HSC STUDY STRATEGY!
Many students spend most their time leading up to HSC examinations creating a beautiful set of study notes. In their minds these notes seem like effective exam preparation. They read over them repeatedly in an attempt to memorise material to overcome a common fear of forgetting content.
Whilst effective organisation, note taking and reading is a key part of HSC exam preparation I emphasise the importance of past exam practise through the following analogy;
“Would you sit a driving test with little to no practice driving a car? Preparing for examinations by only taking and reading notes is like preparing for a driving test by only reading and memorising the road rules”.
The benefits of completing practise HSC exam papers are vast and include:
• Extending knowledge beyond memory retention to understanding and application of information.
• Pinpointing gaps in knowledge by focusing on questions tested and failed during completion of practice exams.
• Giving the student a sense of format and timing when completing examinations.
• Increasing overall confidence for the actual exam.
• Provides a means for “Active Learning” as oppose to “Passive Learning” therefore facilitating improved memory retention and allowing for higher order learning outcomes.
We are now past the midpoint to the HSC examination period. In reference to the above our year 12 students should continue creating notes, setting a routine of study time and also completing past HSC examinations. NESA syllabus documents provide a great reference point of all areas of content that may be covered in the HSC. Key web links for syllabus documents and past examinations are as follows:
HSC PAST EXAMS AND MARKING GUIDELINES: https://educationstandards.nsw.edu.au/wps/portal/nesa/11-12/resources/hsc-exam-papers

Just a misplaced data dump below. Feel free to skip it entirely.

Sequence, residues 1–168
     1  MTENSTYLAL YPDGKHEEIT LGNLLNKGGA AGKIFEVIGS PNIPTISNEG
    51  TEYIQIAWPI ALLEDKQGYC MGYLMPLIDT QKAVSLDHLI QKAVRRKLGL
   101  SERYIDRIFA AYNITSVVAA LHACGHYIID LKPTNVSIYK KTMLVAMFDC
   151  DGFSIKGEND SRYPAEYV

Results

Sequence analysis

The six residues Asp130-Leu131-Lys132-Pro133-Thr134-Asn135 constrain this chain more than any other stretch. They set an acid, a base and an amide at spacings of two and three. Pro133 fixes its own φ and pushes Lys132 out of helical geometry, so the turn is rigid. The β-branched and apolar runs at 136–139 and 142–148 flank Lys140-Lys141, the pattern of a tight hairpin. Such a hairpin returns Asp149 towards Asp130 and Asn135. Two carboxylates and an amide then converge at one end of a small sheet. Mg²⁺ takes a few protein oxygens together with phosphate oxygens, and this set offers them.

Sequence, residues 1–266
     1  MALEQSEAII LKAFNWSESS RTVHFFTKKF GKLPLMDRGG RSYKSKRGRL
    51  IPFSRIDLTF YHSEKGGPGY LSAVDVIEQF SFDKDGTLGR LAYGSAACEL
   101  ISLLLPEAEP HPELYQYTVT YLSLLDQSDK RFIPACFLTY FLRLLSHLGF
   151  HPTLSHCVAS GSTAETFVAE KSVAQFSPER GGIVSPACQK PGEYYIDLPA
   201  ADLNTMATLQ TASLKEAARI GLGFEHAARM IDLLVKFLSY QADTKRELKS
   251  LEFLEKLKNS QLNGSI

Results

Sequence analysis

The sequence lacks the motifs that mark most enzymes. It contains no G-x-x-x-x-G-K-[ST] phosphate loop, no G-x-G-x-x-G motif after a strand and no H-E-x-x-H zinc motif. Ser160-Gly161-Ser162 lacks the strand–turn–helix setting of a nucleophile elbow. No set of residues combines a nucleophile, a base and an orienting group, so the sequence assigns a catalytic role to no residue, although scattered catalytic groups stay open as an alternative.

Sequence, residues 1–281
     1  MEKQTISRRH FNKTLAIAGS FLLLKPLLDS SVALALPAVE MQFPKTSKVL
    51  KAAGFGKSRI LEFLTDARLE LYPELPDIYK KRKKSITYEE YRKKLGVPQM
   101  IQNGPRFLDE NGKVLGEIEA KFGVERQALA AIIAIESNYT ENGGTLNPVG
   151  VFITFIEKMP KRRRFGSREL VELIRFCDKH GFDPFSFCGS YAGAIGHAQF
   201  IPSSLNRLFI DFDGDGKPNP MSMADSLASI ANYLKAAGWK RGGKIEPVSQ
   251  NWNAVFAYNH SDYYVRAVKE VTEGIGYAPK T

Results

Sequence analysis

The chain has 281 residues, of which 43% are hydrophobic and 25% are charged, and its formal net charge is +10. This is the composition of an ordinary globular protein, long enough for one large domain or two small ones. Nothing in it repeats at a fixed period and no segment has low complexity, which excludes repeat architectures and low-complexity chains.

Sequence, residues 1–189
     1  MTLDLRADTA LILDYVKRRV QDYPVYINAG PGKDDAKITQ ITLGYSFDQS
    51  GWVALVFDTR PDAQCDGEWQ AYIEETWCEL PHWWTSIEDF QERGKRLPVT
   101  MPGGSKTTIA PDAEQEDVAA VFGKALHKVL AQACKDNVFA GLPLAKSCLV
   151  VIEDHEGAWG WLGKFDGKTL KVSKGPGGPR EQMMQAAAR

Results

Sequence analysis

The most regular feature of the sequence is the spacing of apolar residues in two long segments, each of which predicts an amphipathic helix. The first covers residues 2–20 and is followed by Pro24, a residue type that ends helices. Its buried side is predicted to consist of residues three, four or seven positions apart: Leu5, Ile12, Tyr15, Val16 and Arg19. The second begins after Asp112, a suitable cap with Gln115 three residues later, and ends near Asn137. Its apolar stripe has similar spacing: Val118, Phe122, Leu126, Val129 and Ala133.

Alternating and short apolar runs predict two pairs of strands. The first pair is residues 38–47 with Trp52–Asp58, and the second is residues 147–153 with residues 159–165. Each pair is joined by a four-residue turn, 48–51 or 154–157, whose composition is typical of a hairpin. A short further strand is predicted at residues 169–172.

YEAR 12- STUDENT TALK!
This week we interview Morgan Woolnough- Waterford House Prefect to share his knowledge and advice on preparation towards the HSC:
1) What do you feel are some of the main challenges that a year 12 student faces in preparation for the HSC?
Procrastination is the main barrier I think many of our students face. Distractions such as youtube, social media and other activities such as basketball can often interfere with focus.
2) In reference to procrastination what are some strategies that you recommend to avoid procrastination when you receive assignments/ homework?
Turn your phone off and do as much of the assigned work done, then after a period of time that suits you turn your phone back on have a scroll, message people then turn it off again in order to avoid those distractions.
Have study blocks whether you choose the 30 minute work and 10 minute rest method, I personally prefer that, it is your responsibility to get the work done not anyone else’s.
3) What study strategies work best for you?
I have a study timetable consisting of 2 hours of study each and every day. Of course this will not always be the case and as such whilst this is a goal it is flexible. For example, I will spend more time studying when there is a test coming up. Nonetheless, having a study routine and/ or goal I feel is important as it holds me accountable. It allows me to manage my time and find balance in life between study and other commitments such as Basketball and social activities.
5) What do you think are the main benefits of practising past HSC exams as a study strategy?
Personally, it benefits me highly as it is likely that what I haven’t written about or answered in past HSC exams can be applied in my writing in my current assessment tasks, showing me how to articulate different paragraphs or sentences so suit the question.
6) Do you think reading over notes and memorising is effective as a primary study technique? Why? Why not?
Not as a primary method. Past questions would be primary but of course you have to know the content in order to answer those questions. However, reading over notes will not assist you in exams and tasks unless they are applied to questions which is a priority.
7) Any other advice that you wish to impart/ share with fellow students?
Make sure you attend to your relationships with your friends as these are your means of support. Your friends will be there after you finish school and they create the foundation of your high school life. I certainly wouldn’t be able to get through this time without the support of friends and people to consult with. In short, make sure to attend to your relationships.
Waterford House- SRC Prefect
Mr Marsh & Mr Breeze
Pastoral Care Coordinators